re: You are a wizard because this is all magic VIEW POST

FULL DISCUSSION
 

Hi Evan, I really like where you're going with this article.

Couldn't your argument be used against those very abstractions that keep up sane and functioning every day?

For example: I have a fairly vague idea of how a device driver works, let alone how to build one. If I had to do it, I'd have to study quite a bit of systems programming. When I create software I don't think of things like device drivers because someone built abstractions on those. Same argument for a lot of different things I reckon.

So how deep this wizardry should go? Should everyone be Gandalf the white in the end?

You say:

Someone has to know how these things work

but in truth, someone does. Might not be the person that's been asked the question in that very moment, but somewhere in the world someone knows (well, maybe). Even if they are not willing to share that info.

What really scares me (and I think it scares you too) is how fast we're incorporating ML/AI algorithms into our apps without fully knowing how they do what they do.

Aside from the huge and paramount concerns of privacy and the understandable parallels to the best (or worst) dystopian novels, isn't AI supposed to become smarter than humans? That would be the very definition of falling for the magic ;-)

 

So how deep this wizardry should go? Should everyone be Gandalf the white in the end?

Probably pretty deep. I'm not arguing that everyone become Gandalf for every subject, but that being a Hermione or Harry is a good ideal to strive towards. It's really easy to accept abstractions without understanding how they work.

I'm not arguing against abstractions nor the practicality of using them (they're definitely important), but that developers should strive to dig deeper.

There's a point somewhere between a more senior and a more junior engineer where the first instinct to solving a problem isn't just to Google the error message, but to read the code of the libraries that caused the problem. But often what happens is devs will go to N level of the stack and if they can't find their problem there, they get stuck.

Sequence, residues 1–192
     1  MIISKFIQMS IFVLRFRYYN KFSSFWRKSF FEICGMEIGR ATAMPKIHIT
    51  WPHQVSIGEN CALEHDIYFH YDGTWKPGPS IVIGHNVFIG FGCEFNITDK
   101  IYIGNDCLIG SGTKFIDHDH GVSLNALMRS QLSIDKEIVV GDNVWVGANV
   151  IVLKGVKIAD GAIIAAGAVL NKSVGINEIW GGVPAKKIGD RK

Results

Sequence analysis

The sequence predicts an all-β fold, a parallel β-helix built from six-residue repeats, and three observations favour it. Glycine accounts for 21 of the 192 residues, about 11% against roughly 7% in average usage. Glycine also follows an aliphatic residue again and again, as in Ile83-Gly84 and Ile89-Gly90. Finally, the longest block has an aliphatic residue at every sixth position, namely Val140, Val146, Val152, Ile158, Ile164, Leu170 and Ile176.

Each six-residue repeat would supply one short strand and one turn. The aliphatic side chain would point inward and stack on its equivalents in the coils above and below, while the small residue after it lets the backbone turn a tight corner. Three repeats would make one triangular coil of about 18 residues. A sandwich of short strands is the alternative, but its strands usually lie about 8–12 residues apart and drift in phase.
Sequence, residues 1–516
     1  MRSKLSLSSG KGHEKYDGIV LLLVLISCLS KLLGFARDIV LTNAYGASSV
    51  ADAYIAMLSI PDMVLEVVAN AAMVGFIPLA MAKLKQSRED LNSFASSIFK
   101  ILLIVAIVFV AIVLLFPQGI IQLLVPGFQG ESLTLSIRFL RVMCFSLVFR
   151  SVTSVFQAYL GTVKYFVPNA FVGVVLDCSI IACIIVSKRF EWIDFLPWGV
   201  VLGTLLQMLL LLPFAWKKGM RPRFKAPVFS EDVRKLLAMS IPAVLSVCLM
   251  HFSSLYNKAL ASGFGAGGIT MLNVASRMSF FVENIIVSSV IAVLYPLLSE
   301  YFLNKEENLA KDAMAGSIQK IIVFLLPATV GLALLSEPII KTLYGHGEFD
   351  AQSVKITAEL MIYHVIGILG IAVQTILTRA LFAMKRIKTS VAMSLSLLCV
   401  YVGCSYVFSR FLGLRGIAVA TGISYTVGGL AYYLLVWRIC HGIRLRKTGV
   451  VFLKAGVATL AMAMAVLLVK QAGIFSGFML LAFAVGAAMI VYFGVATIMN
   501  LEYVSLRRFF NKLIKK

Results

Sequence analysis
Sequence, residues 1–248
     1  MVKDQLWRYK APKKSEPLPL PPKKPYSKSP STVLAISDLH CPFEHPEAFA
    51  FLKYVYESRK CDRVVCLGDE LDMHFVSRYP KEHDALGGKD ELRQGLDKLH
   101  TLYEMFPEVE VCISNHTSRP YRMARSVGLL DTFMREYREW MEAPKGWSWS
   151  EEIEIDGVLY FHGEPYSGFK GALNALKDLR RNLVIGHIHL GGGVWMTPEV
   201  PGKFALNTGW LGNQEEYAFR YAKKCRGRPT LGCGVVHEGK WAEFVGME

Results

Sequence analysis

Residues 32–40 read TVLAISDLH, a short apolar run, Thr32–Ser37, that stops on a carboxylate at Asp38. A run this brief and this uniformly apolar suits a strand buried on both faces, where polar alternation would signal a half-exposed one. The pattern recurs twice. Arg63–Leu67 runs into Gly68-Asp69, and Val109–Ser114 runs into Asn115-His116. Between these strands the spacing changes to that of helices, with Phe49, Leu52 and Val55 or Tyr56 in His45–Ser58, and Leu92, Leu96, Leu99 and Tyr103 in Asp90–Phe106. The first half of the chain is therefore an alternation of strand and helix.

But like 60% of the time when a developer gets stuck, it's not a lack of knowledge, but a fear to go deeper.

Computers are these machines built by wrapping complexity in a neat little toaster box and then wrapping that box in a TV box and that box in refrigerator box. But if you're trying to figure out what's inside by picking it up and rattling it around, you won't be any better off than the lay person who thinks their phone is spying on them.

You gotta open the box.

how fast we're incorporating ML/AI algorithms into our apps without fully knowing how they do what they do.

I worry a bit about this framing. I think we say "ah we don't know how neural nets work" and a lay person interprets that to mean they've been summoned from some dark pentagon-filled ritual in some SF basement.

What we really mean is "this system is extremely complex and you can't easily know how the system works without knowing the entirety of the system." But as devs we have a solid understanding that these systems were built with intent, can be changed with intent, and are "eventually" knowable (even if they're practically impossible).

isn't AI supposed to become smarter than humans? That would be the very definition of falling for the magic

When that happens, sign me up for either the perfect Utopia or the Apocalypse. 🤷‍♀️

 

But like 60% of the time when a developer gets stuck, it's not a lack of knowledge, but a fear to go deeper.

It's also lack of interest and time constraints. Don't know the exact percentages.

What we really mean is "this system is extremely complex and you can't easily know how the system works without knowing the entirety of the system."

True that.

Thanks for the reply, I agree in its totality and don't have anything else to add :)

Programming is a curiosity driven journey.

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